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Nurses tackle obesity statistic with record-breaking active challenge

Nurses across the UK have taken their health into their own hands this month, with a record number participating in a ‘We Active Challenge’ promoting and encouraging daily activity among the community.

Initiated five years ago by the WeCommunities on Twitter, the challenge has seen substantially increased activity this year, with over 15,000 tweets in just 20 days. The premise is that nurses in the @WeNurses community should tweet a photo of each day’s activity in an effort to motivate themselves and their colleagues to continue throughout the month. The hashtag #NursesActive has seen a variation of activity, from nurses taking the stairs, to walking their dogs or going for a swim.

Following the publication of a statistic that more than one in four nurses in England are overweight, with the highest level of obesity found to be among nurses, the WeCommunity facilitated an online discussion where it emerged that nurses are in fact conscious of the issue and are interested in finding ways to address it. Many of them also indicated that they would not only like to be healthier for themselves, but also to present good examples for their patients.  

Nursing in Practice spoke to the people behind @WeNurses to find out about the challenge and why the nursing community has been so engaged this year.

When was the We Active Challenge started and what was the motivation behind it?

The We Active Challenge is now in its fifth year. It was the idea of the @WeAHPs [allied health professionals] community and joined later by nurses, with the intention to spend a month being more active as healthcare professionals, focusing on August when the days are often long and warm and sometimes dry. But the idea is to make the personal August changes habitual.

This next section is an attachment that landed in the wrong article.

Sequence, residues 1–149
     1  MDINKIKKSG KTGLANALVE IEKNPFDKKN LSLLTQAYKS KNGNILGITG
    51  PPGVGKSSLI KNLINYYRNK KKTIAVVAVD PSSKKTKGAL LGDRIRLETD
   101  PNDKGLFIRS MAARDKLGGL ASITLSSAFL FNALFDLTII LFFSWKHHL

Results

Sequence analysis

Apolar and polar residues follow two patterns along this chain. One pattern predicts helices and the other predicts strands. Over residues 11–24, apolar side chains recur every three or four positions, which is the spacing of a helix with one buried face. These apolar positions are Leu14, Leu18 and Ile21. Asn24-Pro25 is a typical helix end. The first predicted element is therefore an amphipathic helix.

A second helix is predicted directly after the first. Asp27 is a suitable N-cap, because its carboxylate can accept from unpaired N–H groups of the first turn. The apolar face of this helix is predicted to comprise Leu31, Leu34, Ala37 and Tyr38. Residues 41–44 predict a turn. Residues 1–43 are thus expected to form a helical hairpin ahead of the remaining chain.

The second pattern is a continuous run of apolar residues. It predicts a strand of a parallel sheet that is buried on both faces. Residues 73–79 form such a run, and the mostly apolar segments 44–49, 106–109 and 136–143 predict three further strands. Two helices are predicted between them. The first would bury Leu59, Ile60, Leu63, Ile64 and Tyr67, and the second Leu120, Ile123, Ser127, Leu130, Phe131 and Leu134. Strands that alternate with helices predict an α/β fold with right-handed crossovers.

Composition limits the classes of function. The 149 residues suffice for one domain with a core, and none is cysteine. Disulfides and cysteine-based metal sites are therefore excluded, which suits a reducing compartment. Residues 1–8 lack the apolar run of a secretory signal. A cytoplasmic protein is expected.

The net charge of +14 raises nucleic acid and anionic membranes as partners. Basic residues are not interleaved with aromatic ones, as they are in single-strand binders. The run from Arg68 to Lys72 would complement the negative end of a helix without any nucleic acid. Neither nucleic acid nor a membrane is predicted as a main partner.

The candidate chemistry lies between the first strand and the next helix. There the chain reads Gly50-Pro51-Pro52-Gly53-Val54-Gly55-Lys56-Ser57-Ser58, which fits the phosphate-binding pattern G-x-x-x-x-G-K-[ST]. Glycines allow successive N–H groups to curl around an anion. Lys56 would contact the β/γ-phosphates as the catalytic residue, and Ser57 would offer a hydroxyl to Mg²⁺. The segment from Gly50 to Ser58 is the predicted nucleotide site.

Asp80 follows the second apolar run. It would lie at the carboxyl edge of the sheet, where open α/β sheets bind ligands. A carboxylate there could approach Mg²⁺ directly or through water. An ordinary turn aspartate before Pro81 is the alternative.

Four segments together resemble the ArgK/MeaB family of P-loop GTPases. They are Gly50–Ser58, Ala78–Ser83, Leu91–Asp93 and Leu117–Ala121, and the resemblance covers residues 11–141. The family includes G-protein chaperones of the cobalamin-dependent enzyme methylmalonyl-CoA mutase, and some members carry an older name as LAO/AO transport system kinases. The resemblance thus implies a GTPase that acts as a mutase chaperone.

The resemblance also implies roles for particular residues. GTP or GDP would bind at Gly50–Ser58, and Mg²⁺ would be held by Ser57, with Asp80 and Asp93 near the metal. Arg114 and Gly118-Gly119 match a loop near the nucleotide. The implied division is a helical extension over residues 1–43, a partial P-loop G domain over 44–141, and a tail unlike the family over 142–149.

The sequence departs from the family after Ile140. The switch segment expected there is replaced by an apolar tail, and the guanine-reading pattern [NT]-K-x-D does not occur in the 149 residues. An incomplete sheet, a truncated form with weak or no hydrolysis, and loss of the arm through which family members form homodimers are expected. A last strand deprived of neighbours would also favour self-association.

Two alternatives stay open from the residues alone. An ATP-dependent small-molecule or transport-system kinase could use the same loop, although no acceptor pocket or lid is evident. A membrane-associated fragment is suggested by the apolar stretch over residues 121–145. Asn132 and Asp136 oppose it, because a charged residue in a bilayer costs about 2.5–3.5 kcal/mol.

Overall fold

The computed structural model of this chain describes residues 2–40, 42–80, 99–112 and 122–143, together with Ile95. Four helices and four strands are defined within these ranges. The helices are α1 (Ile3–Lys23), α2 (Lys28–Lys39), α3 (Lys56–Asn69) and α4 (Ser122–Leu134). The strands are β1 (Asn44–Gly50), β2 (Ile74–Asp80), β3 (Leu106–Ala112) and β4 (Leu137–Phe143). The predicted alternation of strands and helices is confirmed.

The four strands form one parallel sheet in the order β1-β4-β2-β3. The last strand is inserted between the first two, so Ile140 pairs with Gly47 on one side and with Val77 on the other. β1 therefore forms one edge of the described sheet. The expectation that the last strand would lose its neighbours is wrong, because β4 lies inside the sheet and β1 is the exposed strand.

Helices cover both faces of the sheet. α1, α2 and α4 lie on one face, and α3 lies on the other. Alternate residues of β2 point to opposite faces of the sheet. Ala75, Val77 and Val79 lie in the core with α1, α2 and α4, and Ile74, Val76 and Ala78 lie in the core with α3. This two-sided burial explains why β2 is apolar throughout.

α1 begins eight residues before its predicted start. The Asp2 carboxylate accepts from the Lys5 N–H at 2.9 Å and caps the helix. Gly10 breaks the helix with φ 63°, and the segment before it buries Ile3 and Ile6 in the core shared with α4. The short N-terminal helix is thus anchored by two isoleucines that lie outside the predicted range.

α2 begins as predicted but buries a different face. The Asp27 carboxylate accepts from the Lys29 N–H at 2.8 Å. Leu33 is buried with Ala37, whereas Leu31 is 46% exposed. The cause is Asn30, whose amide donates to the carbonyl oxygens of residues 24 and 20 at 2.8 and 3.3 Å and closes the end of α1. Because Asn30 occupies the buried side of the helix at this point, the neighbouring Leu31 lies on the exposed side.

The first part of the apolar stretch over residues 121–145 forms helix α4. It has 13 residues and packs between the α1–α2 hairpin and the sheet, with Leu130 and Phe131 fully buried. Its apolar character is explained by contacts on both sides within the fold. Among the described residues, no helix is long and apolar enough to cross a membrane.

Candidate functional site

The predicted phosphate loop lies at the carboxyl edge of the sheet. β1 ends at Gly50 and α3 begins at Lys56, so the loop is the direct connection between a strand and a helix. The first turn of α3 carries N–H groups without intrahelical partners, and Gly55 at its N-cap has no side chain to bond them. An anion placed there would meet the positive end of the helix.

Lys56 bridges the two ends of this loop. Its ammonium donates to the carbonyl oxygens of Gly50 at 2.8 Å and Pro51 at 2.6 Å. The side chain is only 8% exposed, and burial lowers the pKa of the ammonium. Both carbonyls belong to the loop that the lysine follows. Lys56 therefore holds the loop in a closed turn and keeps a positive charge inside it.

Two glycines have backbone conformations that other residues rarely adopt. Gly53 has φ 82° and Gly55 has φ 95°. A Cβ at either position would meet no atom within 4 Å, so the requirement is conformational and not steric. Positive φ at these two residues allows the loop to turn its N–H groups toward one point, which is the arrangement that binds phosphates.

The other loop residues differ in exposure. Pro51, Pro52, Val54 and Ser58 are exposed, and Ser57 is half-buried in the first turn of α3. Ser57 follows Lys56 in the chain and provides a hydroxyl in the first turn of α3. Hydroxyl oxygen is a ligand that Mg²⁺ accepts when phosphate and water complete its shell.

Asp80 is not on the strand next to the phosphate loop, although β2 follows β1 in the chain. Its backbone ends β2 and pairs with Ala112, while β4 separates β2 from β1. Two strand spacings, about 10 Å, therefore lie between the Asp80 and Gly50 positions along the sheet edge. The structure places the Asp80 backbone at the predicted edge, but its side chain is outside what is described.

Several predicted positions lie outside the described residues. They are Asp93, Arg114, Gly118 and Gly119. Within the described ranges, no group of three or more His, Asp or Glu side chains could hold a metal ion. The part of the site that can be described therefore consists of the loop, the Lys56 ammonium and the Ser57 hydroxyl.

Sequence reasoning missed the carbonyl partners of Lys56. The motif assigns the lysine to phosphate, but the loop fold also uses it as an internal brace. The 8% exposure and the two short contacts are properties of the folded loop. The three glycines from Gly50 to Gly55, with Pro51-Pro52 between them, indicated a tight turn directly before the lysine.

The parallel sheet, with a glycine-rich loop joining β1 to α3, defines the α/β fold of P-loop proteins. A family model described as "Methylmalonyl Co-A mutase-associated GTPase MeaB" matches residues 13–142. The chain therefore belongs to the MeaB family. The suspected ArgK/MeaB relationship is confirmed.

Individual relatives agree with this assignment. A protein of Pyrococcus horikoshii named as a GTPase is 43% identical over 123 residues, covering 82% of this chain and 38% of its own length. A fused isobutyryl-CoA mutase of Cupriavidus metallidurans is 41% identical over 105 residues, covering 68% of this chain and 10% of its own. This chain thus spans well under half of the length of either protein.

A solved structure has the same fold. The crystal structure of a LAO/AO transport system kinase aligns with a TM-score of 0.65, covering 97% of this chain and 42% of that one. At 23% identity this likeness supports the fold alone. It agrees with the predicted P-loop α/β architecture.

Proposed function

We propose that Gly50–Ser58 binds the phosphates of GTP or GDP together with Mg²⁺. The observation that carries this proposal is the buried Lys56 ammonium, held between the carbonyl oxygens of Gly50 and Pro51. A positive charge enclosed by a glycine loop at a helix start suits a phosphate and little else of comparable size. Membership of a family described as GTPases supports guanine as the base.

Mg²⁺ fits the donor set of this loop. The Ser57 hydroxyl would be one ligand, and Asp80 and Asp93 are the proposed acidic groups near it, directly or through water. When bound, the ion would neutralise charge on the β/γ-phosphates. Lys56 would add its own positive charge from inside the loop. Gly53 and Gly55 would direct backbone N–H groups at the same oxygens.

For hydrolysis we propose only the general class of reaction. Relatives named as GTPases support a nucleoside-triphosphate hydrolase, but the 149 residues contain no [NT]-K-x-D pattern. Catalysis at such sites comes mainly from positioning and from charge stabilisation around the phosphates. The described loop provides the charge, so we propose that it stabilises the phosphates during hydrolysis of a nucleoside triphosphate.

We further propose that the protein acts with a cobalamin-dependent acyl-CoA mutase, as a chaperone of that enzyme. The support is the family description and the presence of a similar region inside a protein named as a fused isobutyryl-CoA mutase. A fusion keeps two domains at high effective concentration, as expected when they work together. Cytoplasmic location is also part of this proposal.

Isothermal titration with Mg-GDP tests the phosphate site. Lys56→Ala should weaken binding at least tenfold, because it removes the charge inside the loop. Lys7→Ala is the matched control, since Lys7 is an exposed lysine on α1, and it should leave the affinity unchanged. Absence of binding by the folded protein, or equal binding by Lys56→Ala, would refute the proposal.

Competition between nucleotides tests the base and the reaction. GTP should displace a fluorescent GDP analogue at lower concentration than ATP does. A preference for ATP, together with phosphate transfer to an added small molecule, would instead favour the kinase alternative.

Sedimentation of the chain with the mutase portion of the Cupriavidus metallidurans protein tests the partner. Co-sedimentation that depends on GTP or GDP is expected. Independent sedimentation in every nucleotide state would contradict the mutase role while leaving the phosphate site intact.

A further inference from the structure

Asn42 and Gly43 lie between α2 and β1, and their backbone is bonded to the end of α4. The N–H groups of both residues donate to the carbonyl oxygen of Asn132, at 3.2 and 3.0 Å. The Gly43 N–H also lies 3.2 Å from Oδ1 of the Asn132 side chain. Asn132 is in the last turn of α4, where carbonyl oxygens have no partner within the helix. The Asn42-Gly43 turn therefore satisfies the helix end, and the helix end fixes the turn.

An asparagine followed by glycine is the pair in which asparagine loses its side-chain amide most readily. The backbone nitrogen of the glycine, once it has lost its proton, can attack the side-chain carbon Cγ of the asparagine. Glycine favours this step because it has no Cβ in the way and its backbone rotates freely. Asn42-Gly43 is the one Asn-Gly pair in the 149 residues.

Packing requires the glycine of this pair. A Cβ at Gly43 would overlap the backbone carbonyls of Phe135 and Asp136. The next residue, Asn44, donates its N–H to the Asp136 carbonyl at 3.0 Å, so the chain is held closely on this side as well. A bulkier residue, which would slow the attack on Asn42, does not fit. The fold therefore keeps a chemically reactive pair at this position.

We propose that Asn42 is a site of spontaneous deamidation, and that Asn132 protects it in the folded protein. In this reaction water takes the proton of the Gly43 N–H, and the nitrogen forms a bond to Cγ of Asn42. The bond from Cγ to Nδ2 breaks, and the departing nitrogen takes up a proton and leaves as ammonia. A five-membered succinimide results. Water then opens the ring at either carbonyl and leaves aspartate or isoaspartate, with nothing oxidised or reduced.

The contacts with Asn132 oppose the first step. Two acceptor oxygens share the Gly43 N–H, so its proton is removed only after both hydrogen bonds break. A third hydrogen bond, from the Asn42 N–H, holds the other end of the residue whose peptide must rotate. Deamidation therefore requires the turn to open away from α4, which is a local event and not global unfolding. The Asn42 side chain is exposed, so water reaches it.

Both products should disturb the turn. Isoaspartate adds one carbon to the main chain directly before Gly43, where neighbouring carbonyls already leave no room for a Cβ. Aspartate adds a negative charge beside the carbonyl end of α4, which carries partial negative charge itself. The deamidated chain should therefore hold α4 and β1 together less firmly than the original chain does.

Especially for nurses, we know that being active can prove a challenge, and there has been much discussion about obesity in nursing and this is @WeNurses way to role model and empower positive visibility of being active, which links to wellbeing too. 

Social media has played an important role in the campaign. Why is it that nurses are so engaged in the campaign?

Our communities are extremely constructive, action-based and are there to learn and support one another via Twitter, both clinically and beyond. The pressures on the workforce related to nursing numbers mean that those that we do have need to be fit and well. We are not shy of tackling the obesity issue in nursing.

How important is it for nurses to find time for exercise and self-care?

Hugely important. Many of the discussions we have had in the community about general health and wellbeing regularly throw up the pressures of long shifts, inability to eat well on duty and the cost of eating well. This campaign is more about being active than exercise. Even though the two are very similar, we are looking for small, sustainable changes in mindset about activity/exercise. This campaign is as much about empowering nurses to take care of themselves emotionally as well as physically. 

Here are some examples of #NursesActive tweets: